Here are the Ackman reports: Ackman's CRE presentation and pdf ackman_ggp122209_0 29/12/2009,14:58 1.18 Mb

This is the most recent one by Hovde: General Growth Properties - 2.pdf.

I also noted that Hovde is short Macerich. See my opinion on that company: A Granular Look Into a $6 Billion REIT: Is This the Next GGP?

 

I am here to weigh in on the increasingly popular marketing battle over GGP's (General Growth Properties) value in, and out of bankruptcy. The players in question are large buyside institutions who own opposing positions on the stock. Ackman/Pershing square, who are long the company's stock, and Hovde Capital Advisors, who are short the stock, and Reggie Middleton, the original player!

For those who follow me regularly and are familiar with my dealings with GGP, skip down to the bottom of this post to download my latest GGP analysis. For those who are not familiar with me and the BoomBustBlog, I am (to the extent of my knowledge) the first investor/media concern to go public with a short thesis on General Growth Properties (GGP) with a warning on commercial property in general, and a specific short on GGP in the 4th quarter of 2007 (see "GGP and the type of investigative analysis you will not get from your brokerage house", BoomBustBlog professional subscribers can download the entire GGP composite history in .pdf format). I am a private investor that generates his own proprietary research. It is solid, independent, unbiased, and of extreme quality when compared to the highly conflicted sell side marketing fluff proffered as research, and apparently now stands out among the buy side as well. With all due respect to the successful investors referred to herein, there is a hint of "talking one's book" within the presentations. I have absolutely no problem with self promotion, but when it appears the promotion comes to odds with the validity of the analysis, it does tend to raise my brow, and apparently the brow of several institutions that have come to me for my opinion.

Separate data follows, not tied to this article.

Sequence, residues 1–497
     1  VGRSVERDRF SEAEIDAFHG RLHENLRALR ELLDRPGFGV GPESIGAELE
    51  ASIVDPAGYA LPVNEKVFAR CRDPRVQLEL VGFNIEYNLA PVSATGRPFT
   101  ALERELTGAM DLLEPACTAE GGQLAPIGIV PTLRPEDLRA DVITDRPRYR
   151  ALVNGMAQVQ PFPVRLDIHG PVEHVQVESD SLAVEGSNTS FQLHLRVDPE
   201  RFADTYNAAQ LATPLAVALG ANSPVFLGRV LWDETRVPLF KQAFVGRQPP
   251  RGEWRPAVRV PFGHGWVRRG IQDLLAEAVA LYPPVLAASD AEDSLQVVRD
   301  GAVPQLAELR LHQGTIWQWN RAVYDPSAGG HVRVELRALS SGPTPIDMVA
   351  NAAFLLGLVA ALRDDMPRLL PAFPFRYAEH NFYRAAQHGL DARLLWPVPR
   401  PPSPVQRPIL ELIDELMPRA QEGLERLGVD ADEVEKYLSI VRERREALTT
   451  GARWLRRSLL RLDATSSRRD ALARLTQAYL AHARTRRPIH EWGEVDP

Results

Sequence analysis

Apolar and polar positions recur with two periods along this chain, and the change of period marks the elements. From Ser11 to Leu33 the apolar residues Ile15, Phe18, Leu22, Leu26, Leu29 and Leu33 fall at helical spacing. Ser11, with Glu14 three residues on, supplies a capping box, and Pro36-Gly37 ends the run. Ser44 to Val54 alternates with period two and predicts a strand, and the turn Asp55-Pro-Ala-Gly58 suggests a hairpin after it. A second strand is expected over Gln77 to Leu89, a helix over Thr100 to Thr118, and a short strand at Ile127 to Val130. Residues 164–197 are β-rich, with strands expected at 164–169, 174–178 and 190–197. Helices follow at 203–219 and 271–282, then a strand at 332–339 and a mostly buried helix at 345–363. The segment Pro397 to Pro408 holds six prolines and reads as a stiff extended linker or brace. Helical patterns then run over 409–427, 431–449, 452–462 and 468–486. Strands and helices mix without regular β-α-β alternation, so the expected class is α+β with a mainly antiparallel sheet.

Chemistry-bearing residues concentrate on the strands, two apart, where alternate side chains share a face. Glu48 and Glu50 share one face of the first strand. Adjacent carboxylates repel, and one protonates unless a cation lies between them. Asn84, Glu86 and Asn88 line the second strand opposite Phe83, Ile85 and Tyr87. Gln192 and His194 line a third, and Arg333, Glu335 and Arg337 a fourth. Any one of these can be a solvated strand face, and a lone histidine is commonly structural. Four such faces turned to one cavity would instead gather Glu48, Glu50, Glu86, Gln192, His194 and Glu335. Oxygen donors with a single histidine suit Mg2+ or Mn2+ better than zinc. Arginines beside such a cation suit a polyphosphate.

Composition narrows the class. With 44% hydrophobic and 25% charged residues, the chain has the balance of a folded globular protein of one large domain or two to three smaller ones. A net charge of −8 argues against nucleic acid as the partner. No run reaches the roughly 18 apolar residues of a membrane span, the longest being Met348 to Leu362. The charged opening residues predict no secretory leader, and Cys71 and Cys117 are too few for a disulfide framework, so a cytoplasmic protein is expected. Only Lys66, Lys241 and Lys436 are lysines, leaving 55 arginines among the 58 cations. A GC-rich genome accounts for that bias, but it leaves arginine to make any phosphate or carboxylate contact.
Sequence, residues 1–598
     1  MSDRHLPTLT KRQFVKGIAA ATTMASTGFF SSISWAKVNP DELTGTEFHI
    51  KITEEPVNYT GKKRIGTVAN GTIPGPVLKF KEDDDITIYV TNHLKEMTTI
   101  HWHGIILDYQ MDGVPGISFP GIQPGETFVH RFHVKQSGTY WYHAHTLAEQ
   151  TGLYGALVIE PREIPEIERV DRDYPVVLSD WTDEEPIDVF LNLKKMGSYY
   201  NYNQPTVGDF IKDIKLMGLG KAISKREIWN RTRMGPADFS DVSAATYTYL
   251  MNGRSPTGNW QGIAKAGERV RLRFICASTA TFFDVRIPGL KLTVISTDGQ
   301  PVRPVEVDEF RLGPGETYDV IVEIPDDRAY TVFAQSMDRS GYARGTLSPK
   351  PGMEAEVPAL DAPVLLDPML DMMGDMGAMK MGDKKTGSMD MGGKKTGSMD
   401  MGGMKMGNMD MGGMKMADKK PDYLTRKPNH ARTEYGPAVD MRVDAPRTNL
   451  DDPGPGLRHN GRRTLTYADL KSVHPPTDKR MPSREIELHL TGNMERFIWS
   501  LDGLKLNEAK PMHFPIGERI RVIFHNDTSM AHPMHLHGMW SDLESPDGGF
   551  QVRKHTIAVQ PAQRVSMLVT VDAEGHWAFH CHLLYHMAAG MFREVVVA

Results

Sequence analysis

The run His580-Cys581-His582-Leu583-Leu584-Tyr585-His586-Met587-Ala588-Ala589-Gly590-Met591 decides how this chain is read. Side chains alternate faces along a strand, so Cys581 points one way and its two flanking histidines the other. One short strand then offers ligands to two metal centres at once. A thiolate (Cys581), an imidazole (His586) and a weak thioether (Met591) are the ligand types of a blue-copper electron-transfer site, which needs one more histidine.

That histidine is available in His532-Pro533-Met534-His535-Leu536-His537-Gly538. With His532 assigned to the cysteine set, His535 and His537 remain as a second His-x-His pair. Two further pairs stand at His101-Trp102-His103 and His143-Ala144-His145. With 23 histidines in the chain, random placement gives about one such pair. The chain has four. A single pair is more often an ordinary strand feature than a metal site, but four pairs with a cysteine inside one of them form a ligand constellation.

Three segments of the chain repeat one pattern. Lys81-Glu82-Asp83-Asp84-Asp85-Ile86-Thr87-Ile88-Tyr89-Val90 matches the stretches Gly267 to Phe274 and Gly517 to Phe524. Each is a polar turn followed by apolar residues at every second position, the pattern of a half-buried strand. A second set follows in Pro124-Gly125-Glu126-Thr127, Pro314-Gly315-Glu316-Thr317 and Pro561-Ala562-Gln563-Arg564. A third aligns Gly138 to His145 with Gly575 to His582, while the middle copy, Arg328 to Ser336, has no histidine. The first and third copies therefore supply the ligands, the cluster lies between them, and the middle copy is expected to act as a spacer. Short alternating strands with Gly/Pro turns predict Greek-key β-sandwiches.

So, let's take an unbiased, empirical look at GGP from the guy who first pointed out the insolvency of this company in the first place. As for the self promotion aspect, I am now offering consulting services to those who desire independent, objective analysis. I will soon be releasing a very interesting study on real estate funds and residential mortgage related products from Morgan Stanley and Goldman Sachs, which will assuredly cause their clients to fall in love with them. More on that later, though.

I am here to weigh in on the increasingly popular marketing battle over GGP's (General Growth Properties) value in, and out of bankruptcy. The players in question are large buyside institutions who own opposing positions on the stock. Ackman/Pershing square, who are long the company's stock, and Hovde Capital Advisors, who are short the stock, and Reggie Middleton, the original player!